Working out on vacation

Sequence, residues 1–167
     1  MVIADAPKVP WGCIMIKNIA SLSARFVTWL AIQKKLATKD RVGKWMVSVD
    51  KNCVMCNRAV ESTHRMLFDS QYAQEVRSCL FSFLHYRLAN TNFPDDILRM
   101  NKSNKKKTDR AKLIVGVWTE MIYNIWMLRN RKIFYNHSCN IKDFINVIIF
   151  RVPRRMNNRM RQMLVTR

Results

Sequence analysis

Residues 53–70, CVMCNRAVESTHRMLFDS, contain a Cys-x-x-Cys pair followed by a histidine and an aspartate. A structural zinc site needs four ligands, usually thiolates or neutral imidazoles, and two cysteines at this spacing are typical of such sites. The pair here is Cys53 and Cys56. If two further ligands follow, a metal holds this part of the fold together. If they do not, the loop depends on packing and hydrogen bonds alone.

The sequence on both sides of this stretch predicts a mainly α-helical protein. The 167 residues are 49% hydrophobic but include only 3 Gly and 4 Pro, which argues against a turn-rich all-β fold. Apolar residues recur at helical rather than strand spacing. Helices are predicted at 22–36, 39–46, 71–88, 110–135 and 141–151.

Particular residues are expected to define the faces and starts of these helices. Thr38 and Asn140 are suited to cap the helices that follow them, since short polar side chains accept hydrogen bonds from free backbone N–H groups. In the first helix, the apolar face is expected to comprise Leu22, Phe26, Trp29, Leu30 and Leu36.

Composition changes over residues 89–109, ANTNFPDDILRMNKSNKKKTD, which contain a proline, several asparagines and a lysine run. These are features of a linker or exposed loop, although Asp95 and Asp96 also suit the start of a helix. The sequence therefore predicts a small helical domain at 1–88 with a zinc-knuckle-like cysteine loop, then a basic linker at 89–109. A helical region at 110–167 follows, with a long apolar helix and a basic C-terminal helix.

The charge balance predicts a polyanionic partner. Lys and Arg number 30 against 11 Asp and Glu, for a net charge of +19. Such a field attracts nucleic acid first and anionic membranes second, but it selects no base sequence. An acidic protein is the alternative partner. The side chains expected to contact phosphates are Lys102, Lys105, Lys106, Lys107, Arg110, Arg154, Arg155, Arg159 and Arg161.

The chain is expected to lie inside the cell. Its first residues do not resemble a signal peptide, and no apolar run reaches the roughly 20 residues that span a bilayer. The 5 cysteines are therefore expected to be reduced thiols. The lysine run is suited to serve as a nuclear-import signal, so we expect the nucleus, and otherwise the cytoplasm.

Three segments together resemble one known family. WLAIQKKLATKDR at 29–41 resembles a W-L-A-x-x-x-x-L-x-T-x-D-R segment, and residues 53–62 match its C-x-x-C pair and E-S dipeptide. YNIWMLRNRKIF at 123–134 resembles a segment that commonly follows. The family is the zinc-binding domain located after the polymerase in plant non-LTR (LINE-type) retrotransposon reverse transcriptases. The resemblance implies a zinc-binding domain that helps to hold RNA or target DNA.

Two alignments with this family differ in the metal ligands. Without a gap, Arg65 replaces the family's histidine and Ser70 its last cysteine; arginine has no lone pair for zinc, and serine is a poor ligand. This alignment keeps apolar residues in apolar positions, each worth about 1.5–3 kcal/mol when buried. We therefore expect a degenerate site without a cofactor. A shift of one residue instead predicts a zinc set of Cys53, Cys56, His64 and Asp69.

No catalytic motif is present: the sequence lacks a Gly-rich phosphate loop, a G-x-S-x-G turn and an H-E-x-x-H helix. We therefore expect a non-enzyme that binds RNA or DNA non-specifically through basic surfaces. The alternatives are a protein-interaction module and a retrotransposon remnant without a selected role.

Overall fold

Sunscreen, travel guide, Kindle. Check. Newspaper and mail. Held. Plane ticket, passport, identification. Got it. Elastic waistband pants, baggy T-shirts, antacid tablets?Must be going on vacation! A lot of people I know who have lost significant amounts of weight find going on vacation a really mixed bag of emotions. On the one hand there's all the stuff you usually look forward to while going on the vacation. On the other hand there's the stress that always seems to accompany getting ready for the voyage, which can lead to overeating. There are all the temptations on the trip. There's the issue of the hidden calories, fat and sodium from eating out at restaurants. And then there's the lost workouts. I've always wondered if you don't keep up your workout routine, do you lose all the momentum, endurance and strength you had built up to that point? What is your philosophy (or strategy) for activity and workouts for vacations lasting a week or more? Your answer may depend on your personality and what stage you are in regarding your weight, health and fitness. Back when I was young enough to take my metabolism for granted and dumb enough to think I wouldn't get skin cancer, I was perfectly content to sit on a beach all day and call it a vacation. Now I have to move. All day. Being trapped in a car in construction traffic, or in line at a toll booth, heading to Mackinac Island is not vacation, it is my personal hell. Sitting at a computer for eight hours a day seems like the most unnatural thing in the world, too, so I also don't want to see a keyboard, a desk or a cubicle. I want to run, bike and walk. And when the day is over, I don't want to count my calories, just enjoy them (well earned) and then crash at night reading something with a little more depth than 140 characters. I know there are Type B personalities out there who are saying that vacation is the last place to be worrying about a workout. You're right. I wish I could think that way. The thing is, those of us who fought like crazy to lose more than 10 to 15 pounds are all too familiar with the beginnings of the backward slide. We've also been told that something like 80 percent of people who lost significant amounts of weight gained it back, and then some. I do not, I cannot, come home from vacation out of shape and see a certain number on the scale, because I know how fast the rest of the old weight will reappear if I'm not careful. And that it will take five times more work to get it off again. That's not an association I want anymore with my vacation. When I went to Weight Watchers meetings, they used to talk about this thing called anchoring. It made so much sense. People used a charm bracelet, or a photo, or a slim new outfit as reminder, or anchor, they could look at to bring them back in to focus for their weight-loss goals. That was a great tool to remain on track. It is good to try on vacation. My goals are bigger than weight loss now, they also include eating better and training harder. My anchor is my gym. I have figured out that in order to really enjoy my vacations, I have to somehow re-create my anchor wherever I am. It might be the treadmill in the hotel. Or the bike path in Yellowstone. Or the walkway along the oceanfront in San Diego. Now, please don't take this as a lecture of what you should do on your vacation. Almost everyone I know is a slave to their cellphone and their emails from work. We're all too overscheduled and spend too much time racing around from one crisis to another. You should do whatever you want to relax and get away from it all on your vacation. I'm just saying that I enjoy my vacations the most when I am moving the most. And one trainer, thankfully, gave me permission not to worry too much about the backward slide. Mike Ribar, a certified athletic trainer at Froedtert & The Medical College of Wisconsin Sports Medicine Center, said no one really needs to worry about taking steps backward in their fitness routines when they're taking a week off of everything for vacation. That break could actually be good. "Physically there aren't a whole lot of changes that are going to occur within a week" for the average person who works out consistently, said Ribar. "But it kind of depends. "If you're going to an all-inclusive cruise where you are going to have all of the food available to you and you're going to eat like a pig for a week, certainly there is going to be a physical change. You're probably going to gain five pounds. However on a normal vacation, I think people should be assured that you're not going to lose any strength gains that you've made. It takes about two weeks for that to happen. And it takes about three weeks to see the aerobic changes occurring. So if you're just a recreational runner, you're not going to see any real gigantic changes within the first three weeks. "On top of that, sometimes, it can be beneficial because your recreational athlete and workout person does not necessarily know what 'periodization' means. Periodization means as you're exercising, you're trying to stay fit and maybe trying to make some modest gains, it is not always appropriate to constantly be going on a ramp going straight up. Constantly improving. "What we do in the world of athletics is we periodize things every three weeks. If you do three weeks of difficult workouts, you take another week of just kind of lowering your intensity. And then you take another three weeks up, so it turns into a step. As supposed to a ramp straight up. So, sometimes you can see some significant gains after a week off. What you'll end up finding after you get back from your vacation, you won't have any strength deficit, and you're going to be able to let the muscle rest and come back and see some significant gains after that." What if you don't do a plank for a whole week? Won't it be harder to come back to class and attempt that? Or is that more of a mental block? "I think it is definitely more of a psychological issue," Ribar said. "Certainly there's lots of things we can do to stay active while on vacation. However, I don't think that a person should stress out tremendously about it because it just creates an environment where, 'boy, if I don't get this workout in, then I'm failing' - as opposed to a somewhat relaxing experience. I think it's best to be proactive and schedule a couple activities already into your vacation as opposed to getting there and scrambling around to see, OK, now what do I do." Still, walking around a museum isn't the same as a 60-minute exercise class. "Then I would try and schedule your workout ahead of time and research where you're going to be," Ribar said. "Most gyms have a temporary membership. Even if your hotel does not have a gym, you can find one pretty easily and they charge $10, 15 for the day. That way you have access to someone pushing you. Those are always available; it's just a matter of scheduling it in. "It is a matter of distinguishing what kind of workout person you are. If it is something where you are continually trying to improve, and make significant gains, then you're going to want to make sure that workout is scheduled in your vacation. But for someone who is maybe not as intense, research does show you're not going to lose anything in that week."